Crestcom’s network of over 200 leadership development experts have all come to that point in their lives when they asked themselves: Is it time to turn my expertise into a business where I can give back?
When you meet with Alan Clark, it quickly becomes clear why he decided to mix expertise with passion to launch his own leadership development business. But when he first started feeling the tug of entrepreneurship, owning a franchise wasn’t on his radar.
“I had been with Seagate for 27 years and had no interest in owning a franchise when I first received a call from Crestcom,” explains Clark. “But as I talked with the gal who thought my background was a good fit for leadership training, my curiosity was piqued.”
Clark’s research led him to investigate a couple different franchises but landed on Crestcom leadership development coaching and training. He has been a leader of various teams for years and enjoys it. He has also participated in team building and leadership development programs himself.
“The more I looked at it, I thought I could have a lot of fun with this. After attending initial training and being with Crestcom for a few days, I thought ‘This is something I could really do, and some that would be a lot of fun!’”
The fact that Crestcom offers initial training before he committed was a big help for Clark. He could get a good idea of what it was like to build and run a Crestcom franchise, and was able to meet the leadership and support team at the corporate headquarters in Denver. Realizing he wanted more than to be an independent corporate consultant, Clark did his research and decided to take the plunge.
Clark has experienced an evolution in leadership over the years, and that evolution has helped shape his own leadership style.
“Leadership is an evolution. Though I worked for the same company for 27 years, I participated in many different leadership styles. When I first started the way we communicated as leaders was very different,” says Clark. “Now I understand that leadership is behavior and my behavior impacts my team’s success. I am very conscious of how I behave as a leader.”
Clark describes his own leadership style as transparent and direct. “I don’t like management jargon. I tend to speak plain English and be respectful at all times.”
One of the great things about talking leadership with Alan Clark is his openness. He’s transparent not just about leadership best practices, but also about how leaders can get things wrong—including himself.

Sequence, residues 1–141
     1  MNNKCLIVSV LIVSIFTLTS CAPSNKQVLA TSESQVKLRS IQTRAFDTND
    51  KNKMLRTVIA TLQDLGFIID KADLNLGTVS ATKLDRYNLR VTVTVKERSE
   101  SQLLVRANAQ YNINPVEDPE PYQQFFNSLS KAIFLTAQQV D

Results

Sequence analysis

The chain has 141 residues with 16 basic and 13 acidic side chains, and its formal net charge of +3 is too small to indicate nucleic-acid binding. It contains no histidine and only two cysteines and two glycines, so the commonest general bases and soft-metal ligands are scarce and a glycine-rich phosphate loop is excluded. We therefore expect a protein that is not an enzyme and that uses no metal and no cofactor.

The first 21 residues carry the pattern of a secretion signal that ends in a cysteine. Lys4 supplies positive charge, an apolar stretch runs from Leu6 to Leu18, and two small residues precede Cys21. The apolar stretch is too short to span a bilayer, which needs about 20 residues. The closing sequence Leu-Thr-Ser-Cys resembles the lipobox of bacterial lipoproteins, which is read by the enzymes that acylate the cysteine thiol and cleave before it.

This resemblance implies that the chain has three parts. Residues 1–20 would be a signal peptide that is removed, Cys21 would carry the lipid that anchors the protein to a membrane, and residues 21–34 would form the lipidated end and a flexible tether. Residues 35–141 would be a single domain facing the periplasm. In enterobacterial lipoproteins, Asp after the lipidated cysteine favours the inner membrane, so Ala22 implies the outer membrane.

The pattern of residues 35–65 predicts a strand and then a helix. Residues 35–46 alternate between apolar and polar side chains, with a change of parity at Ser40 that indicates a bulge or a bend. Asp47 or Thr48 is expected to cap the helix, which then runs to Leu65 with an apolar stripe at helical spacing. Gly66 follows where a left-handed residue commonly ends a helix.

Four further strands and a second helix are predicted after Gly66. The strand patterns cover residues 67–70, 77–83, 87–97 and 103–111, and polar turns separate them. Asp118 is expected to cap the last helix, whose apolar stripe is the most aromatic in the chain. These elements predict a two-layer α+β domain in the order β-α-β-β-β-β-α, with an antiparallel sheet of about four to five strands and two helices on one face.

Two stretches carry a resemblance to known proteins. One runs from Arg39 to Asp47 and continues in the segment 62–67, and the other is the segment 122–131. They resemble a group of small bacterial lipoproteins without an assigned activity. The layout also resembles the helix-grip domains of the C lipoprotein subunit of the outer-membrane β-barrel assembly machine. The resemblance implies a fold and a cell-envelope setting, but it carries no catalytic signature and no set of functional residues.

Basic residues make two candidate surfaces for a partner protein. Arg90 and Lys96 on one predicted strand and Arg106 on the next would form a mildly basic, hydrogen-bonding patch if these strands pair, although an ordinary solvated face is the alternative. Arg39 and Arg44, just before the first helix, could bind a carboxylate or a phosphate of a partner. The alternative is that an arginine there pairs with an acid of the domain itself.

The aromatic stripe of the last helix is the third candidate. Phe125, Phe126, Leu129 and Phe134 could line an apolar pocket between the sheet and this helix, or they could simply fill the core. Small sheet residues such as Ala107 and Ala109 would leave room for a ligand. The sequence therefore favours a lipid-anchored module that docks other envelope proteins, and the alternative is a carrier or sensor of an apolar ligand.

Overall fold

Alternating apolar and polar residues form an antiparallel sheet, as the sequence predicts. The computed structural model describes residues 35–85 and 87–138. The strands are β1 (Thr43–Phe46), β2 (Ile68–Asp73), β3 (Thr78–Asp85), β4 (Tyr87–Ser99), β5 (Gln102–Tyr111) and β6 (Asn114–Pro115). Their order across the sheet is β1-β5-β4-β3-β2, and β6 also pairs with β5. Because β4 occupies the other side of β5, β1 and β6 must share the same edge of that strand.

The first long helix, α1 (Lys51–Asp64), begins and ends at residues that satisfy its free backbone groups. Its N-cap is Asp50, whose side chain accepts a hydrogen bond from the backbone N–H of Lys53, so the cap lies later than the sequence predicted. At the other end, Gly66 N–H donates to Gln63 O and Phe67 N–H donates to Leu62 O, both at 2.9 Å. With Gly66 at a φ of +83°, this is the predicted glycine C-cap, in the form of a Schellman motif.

“Sometimes I get it wrong. I don’t have all the answers, but I always have teams where there are people who do have all the answers” explains Clark. “This is not the way I started. I used to think I had to have all the answers, no matter what. Now I have the benefit of understanding how to work with teams. This, I think, is one of the toughest and most important lessons for new managers and leaders to learn.”
Clark learned this lesson, among many others, from a man he says he owes his career to: Bob Holland.
“He was my mentor, friend, and boss. It could be very rough at times, but I watched him in meetings with customers, suppliers, other members of the team, and I watched how he behaved. He could be a tough guy to deal with,” recalls Clark. “But I watched him adapt over the years and how he behaved in difficult meetings. He had an ability to disarm people. He could take what could have been a contentious meeting and bring it to a place where it wasn’t contentious. I didn’t understand how he did it at first, but over time I was able to learn.”
Clark also admires how Holland was able to create an environment of absolute trust and honesty. Clark’s own style of transparency was created from this experience. “He may not like what you had to say,” says Clark, “but you were always safe to say it without feeling threatened.”
When Clark started looking into the Crestcom franchise opportunity in earnest, he was lucky to have a wife who is also a business owner. Watching her work for five years to build a business gave him an idea of what it would be like.
“I understand that this isn’t going to be an easy way of making money. You have to be prepared to work hard,” says Clark. “That is why passion is so important. Passion is what carries you through the hard times and motivates you to do the less glamorous things—like cold calling—to be successful.”
Clark says he’s most looking forward to getting in front of a classroom of leaders and managers and helping them become successful. We’re very excited to see him succeed in northern California as well, where he’ll be starting his first group in Santa Clara and Santa Cruz soon.
Welcome to Crestcom, Alan! We’re very excited that you’ve joined our community of leadership experts!